Commisioner to decide penalty

By on June 11, 2010

by Martha Quetsch
ELBURN—Village Liquor Commissioner Dave Anderson said he is not sure if the village will penalize three Elburn businesses that violated the village liquor code by selling alcohol to minors on May 20.

Schmidt’s Towne Tavern, 107 N. Main St., Riley’s Classic Bar & Grill, 117 N. Main St., and Rosati’s, 860 N. Main St., received citations for violating the state liquor code by selling liquor to underage, undercover buyers in a state-agency sting May 20. The illegal sales also violated the village’s liquor code.

Anderson said the village has yet to receive official notification of the citations from the Illinois Liquor Control Commission, which conducted the sting. When he does, Anderson will decide whether the village should review the local violations.

“If they are adjucicated by the state, it could be a double jeaopardy situation,” Anderson said.

Anderson said he would not preside over any village hearing related to Schmidt’s offense, since he did not grant that tavern’s liquor license. Trustee Bill Grabarek likely would; Grabarek served as the liquor commissioner granting the Schmidt’s liquor license last year because of Anderson’s conflict of interest as the owner of Schmidt’s building at that time, Anderson said.

The village typically follows progressive discipline in cases of liquor-code violations, starting with a fine for a minor infraction, and more for serious or repeat infractions, Assistant Village Administrator Dave Morrison said. Penalties could range from a liquor-license suspension of one or more days to a license revocation. He said it is up to liquor commissioner to look at all the circumstances, decide how serious the violation was and what, if any, penalty the business will receive.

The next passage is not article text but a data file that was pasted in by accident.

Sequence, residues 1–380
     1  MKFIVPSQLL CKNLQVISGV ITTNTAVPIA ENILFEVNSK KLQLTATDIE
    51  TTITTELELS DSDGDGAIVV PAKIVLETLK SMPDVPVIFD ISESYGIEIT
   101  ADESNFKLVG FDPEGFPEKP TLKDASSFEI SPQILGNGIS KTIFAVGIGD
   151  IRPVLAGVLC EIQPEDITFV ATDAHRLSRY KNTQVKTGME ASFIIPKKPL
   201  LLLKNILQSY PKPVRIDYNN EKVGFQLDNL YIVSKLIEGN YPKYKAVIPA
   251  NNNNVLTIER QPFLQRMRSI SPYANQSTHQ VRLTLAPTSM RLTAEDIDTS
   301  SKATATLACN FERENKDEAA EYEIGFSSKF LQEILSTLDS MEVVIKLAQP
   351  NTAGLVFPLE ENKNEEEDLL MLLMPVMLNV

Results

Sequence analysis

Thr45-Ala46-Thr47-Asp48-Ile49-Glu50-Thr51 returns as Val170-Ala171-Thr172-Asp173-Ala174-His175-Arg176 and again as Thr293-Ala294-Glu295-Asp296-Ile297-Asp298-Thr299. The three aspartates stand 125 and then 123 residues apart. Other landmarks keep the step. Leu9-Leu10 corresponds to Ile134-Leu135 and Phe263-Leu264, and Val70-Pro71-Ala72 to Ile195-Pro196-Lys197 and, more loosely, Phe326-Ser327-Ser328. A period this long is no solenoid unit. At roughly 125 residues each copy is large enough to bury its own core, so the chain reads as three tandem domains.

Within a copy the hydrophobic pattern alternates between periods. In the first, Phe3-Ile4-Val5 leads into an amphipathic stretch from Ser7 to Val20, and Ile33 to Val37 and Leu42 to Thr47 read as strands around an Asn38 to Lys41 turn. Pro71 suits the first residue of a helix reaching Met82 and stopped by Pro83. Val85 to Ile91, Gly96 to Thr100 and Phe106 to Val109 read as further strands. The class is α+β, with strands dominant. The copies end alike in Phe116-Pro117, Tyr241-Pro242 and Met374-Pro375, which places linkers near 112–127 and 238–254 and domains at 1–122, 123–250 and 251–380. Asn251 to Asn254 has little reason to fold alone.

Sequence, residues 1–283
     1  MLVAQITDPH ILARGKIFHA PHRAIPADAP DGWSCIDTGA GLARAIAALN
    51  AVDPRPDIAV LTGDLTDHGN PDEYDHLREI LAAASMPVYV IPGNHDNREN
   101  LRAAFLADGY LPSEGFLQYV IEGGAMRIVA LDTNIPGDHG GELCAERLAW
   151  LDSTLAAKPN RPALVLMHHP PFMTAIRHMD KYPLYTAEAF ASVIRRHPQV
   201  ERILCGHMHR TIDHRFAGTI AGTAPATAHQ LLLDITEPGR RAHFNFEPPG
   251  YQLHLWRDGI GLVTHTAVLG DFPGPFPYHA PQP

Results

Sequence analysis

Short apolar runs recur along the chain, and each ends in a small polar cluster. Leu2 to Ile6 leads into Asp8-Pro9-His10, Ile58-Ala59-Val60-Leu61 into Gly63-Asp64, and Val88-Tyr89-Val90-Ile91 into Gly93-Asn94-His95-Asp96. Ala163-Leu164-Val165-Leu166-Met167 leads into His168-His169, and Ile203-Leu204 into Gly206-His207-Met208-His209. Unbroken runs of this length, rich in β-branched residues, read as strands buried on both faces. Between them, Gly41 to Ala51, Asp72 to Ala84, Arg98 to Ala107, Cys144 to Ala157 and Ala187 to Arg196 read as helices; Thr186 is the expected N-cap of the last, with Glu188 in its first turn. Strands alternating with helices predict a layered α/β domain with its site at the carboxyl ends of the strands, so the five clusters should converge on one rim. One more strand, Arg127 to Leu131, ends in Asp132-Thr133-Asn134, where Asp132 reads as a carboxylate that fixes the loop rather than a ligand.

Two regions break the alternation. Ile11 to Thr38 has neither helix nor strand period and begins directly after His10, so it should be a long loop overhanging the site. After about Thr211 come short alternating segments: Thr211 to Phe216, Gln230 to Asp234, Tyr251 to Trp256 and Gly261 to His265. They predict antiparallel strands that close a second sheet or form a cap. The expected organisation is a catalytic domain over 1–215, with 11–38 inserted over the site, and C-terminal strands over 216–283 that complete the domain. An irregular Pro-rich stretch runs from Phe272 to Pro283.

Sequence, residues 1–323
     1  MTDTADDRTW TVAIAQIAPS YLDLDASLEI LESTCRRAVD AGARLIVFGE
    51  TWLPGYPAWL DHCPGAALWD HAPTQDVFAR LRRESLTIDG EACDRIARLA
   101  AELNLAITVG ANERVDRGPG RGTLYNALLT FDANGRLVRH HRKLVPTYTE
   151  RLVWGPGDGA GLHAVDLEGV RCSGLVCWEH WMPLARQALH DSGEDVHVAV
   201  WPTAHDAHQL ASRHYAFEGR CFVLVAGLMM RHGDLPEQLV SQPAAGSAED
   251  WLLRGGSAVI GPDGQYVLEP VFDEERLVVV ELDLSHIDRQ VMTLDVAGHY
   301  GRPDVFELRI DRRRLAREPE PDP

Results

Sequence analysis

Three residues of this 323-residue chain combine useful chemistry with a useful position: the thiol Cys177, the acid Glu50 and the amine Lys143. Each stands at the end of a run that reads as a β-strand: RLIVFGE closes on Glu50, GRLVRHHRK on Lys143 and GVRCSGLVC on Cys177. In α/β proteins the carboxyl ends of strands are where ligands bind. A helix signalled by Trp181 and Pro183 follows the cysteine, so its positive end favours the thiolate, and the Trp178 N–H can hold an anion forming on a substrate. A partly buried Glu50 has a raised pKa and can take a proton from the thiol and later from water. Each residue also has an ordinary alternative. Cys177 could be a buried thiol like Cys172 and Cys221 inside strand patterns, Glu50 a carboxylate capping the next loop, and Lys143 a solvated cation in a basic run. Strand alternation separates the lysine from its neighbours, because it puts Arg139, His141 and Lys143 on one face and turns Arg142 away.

“The local liquor commissioner has broad discretion in dealing with these matters,” Morrison said.

About Martha Quetsch

2 Comments

  1. RM

    June 13, 2010 at 2:25 PM

    I don’t know that there is a need to penalize the businesses if the individual offenders are cited. Seems overly harsh especially given the current economy where many are struggling. However, it is important to see if this behavior is a trend. It’s always disappointing when these stings net results.

  2. TheSchneid

    June 13, 2010 at 8:01 PM

    I’ve been into all the bars, and have often wondered why anyone in their right mind would want to own a bar. The consequences of an employee selling to an minor could fold a business like this. The investment that Schmidt made into his bar is too much for one person to upset the apple cart.

    There is no way for Schmidt or Rosati’s management to watch over their employees 24/7. You have to allow some trust in that realtionship and expect employees to do their best at their job.

    I don’t think that the bars should pay any penalty for an employee’s mistake. If the employee was derelict in their responsibilities, they should be fired. The employee should be ticketed.

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